Reading, Writing, Rhetoric: A Rhetorically Emplaced Study of Writing Education in an Appalachian Region

TR Number



Journal Title

Journal ISSN

Volume Title


Virginia Tech


This dissertation, Reading, Writing, Rhetoric: A Rhetorically Emplaced Study of an Appalachian Region, explores the themes of ideology, stereotypes, and rhetorical emplacement through a study of education in Southwest Virginia. In this project, I used two methods of data collection: historical research and interviewing. These two methodologies employed together construct a sweeping scope of Appalachian Virginia's experiences with rhetorical emplacement in relation to educational practices and ideologies by encountering some of the earliest stories told about the region and contemporary accounts of teachers who currently work in Appalachian Virginia. My main research questions ask how stories told about Appalachia have affected educational practices within the region, and to answer that question I sought out the history of the stories told about Appalachia through historical research, then, in order to attend to the present realities of the region, I interviewed high school English teachers who identify as Appalachian and work in Appalachian Virginia high schools. The historical and ethnographic methods I employed in this dissertation study allowed me to understand the circulation and variances of particular stories placed onto and developed within (Hsiung) the Appalachian region by first examining the historical interaction of the region with the stories about the region and then understanding how those narratives exist in the world today. By using grounded qualitative coding, I created codes from the historical data set—the codes were: isolation, language, education, expectations, culture, and literacy—and compared them to the interview transcripts, I conclude that while illiteracy has long been a stereotype of the region and one that Appalachians will likely combat for the foreseeable future, the teachers in my study build their pedagogies to support rhetorical thinking and rhetorical situation.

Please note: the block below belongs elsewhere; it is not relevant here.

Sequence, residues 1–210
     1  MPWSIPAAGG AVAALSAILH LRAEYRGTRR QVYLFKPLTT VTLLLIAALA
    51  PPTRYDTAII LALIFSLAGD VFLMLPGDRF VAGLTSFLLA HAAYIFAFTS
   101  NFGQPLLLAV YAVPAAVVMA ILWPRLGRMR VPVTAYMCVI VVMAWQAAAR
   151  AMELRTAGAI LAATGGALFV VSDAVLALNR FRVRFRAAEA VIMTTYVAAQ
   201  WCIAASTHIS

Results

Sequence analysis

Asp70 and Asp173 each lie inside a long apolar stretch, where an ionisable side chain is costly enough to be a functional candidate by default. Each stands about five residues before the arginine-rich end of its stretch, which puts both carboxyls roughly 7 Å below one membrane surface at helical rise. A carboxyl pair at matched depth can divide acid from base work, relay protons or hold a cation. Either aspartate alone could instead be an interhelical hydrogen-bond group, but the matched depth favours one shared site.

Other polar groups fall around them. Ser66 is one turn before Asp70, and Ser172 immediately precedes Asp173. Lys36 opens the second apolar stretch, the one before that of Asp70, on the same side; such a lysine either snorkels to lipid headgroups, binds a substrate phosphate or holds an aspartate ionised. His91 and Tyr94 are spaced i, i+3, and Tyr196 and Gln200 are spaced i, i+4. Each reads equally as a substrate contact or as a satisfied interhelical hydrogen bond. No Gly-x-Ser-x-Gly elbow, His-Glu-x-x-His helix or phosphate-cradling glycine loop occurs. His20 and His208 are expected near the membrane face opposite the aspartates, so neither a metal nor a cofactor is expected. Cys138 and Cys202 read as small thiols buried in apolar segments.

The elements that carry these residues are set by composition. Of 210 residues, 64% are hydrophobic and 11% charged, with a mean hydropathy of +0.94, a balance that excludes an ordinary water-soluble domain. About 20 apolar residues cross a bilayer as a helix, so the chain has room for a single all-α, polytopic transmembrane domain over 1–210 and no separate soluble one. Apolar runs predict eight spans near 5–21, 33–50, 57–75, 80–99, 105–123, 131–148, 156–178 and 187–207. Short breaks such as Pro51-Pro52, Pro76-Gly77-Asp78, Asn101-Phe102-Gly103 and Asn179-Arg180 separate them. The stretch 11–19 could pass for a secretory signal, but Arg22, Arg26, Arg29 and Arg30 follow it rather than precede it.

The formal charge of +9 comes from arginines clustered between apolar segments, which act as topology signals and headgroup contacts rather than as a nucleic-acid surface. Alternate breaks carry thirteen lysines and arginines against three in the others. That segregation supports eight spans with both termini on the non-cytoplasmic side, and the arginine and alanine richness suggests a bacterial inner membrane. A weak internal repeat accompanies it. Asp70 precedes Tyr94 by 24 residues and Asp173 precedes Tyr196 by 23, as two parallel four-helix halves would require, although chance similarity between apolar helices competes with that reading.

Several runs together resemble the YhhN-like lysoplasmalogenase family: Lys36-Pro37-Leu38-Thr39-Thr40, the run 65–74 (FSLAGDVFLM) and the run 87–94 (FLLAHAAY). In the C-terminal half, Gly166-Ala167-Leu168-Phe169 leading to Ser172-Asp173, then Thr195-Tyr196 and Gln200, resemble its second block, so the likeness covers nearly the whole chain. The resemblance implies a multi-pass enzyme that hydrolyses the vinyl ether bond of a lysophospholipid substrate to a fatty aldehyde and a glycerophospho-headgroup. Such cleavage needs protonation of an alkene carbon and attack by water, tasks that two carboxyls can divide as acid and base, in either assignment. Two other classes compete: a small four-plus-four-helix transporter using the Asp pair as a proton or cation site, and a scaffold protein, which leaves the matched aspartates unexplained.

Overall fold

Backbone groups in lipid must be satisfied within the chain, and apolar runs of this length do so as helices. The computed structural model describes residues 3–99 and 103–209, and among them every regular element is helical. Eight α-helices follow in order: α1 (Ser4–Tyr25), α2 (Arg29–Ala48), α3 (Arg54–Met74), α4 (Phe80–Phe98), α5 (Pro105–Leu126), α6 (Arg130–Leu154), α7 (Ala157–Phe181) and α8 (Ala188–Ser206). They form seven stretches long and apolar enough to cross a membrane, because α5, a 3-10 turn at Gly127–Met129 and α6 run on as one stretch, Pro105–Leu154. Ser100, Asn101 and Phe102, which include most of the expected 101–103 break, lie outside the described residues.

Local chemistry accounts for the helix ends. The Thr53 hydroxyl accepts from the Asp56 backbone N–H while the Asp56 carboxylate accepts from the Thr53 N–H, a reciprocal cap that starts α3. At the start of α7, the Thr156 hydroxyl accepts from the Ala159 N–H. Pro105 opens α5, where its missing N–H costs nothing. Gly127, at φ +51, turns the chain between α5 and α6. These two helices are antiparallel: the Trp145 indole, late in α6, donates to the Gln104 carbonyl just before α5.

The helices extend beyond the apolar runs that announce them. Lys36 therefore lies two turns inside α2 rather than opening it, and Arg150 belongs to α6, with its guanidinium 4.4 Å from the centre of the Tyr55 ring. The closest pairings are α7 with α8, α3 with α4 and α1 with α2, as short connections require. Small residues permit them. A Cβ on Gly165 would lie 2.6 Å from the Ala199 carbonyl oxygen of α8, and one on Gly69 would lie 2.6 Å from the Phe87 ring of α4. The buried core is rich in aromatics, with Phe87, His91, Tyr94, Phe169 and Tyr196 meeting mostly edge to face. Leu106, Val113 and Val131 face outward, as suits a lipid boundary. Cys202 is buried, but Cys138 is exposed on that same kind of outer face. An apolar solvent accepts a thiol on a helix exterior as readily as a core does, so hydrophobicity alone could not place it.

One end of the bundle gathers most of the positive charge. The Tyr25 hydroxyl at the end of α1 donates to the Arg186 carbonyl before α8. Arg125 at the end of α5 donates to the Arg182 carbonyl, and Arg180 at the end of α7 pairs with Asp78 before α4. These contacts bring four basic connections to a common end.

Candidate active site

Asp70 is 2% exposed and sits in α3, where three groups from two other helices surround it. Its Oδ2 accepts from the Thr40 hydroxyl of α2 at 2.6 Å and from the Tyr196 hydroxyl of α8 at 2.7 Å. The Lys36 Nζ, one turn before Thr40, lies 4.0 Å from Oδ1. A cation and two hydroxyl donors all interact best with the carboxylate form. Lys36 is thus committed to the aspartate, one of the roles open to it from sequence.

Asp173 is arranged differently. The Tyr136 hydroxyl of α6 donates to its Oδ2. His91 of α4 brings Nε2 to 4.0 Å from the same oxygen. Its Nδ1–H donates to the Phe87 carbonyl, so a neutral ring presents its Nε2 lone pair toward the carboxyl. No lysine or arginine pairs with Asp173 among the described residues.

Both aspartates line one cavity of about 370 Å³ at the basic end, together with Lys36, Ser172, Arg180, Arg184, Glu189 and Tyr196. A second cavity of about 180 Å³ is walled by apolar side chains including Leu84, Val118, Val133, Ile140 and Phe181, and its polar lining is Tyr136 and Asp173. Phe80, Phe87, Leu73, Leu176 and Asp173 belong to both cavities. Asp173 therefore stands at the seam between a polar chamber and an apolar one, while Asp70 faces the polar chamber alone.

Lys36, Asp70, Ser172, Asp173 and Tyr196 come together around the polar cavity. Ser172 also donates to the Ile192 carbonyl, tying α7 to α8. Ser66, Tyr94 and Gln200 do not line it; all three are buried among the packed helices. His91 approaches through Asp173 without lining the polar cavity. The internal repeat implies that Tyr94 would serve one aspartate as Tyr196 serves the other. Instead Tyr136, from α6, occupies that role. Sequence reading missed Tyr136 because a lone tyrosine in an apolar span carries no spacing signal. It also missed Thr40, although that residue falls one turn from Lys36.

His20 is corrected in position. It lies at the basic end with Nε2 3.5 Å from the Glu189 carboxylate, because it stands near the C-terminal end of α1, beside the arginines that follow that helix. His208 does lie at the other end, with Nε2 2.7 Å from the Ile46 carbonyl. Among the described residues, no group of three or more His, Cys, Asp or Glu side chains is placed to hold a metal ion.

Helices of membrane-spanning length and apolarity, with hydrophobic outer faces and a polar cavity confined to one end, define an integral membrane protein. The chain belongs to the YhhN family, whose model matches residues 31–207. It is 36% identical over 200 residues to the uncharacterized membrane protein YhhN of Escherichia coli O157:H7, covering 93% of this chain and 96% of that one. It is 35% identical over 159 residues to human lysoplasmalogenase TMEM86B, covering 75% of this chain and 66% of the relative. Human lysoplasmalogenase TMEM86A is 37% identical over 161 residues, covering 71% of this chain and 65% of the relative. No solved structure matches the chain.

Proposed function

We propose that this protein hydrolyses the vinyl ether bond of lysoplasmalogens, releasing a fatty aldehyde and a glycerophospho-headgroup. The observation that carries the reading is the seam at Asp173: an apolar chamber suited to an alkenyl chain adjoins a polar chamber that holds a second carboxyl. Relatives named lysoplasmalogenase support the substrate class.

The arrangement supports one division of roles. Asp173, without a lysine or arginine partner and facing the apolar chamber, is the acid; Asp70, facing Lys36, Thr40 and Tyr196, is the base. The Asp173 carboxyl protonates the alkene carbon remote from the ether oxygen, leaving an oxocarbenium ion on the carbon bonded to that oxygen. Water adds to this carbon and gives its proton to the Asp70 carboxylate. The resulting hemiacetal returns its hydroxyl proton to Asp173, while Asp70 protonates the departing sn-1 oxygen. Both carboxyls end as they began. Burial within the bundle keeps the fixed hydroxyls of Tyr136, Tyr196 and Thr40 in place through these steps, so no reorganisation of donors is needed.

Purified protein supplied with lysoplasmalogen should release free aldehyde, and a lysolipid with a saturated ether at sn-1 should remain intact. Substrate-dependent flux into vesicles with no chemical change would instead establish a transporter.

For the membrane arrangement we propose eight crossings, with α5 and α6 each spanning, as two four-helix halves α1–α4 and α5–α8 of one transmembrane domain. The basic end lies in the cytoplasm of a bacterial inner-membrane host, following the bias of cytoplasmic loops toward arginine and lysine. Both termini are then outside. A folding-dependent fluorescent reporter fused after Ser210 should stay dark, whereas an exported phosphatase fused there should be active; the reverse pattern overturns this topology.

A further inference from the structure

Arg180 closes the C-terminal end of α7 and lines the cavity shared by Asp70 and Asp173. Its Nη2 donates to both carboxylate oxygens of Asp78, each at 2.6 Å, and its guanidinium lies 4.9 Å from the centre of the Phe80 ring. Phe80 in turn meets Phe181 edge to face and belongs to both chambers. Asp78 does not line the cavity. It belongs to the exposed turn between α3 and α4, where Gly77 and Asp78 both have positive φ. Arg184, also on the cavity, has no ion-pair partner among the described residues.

Rhetoric, Composition, Appalachia, Place-Based Pedagogy, Rhetorical Emplacement, Stereotypes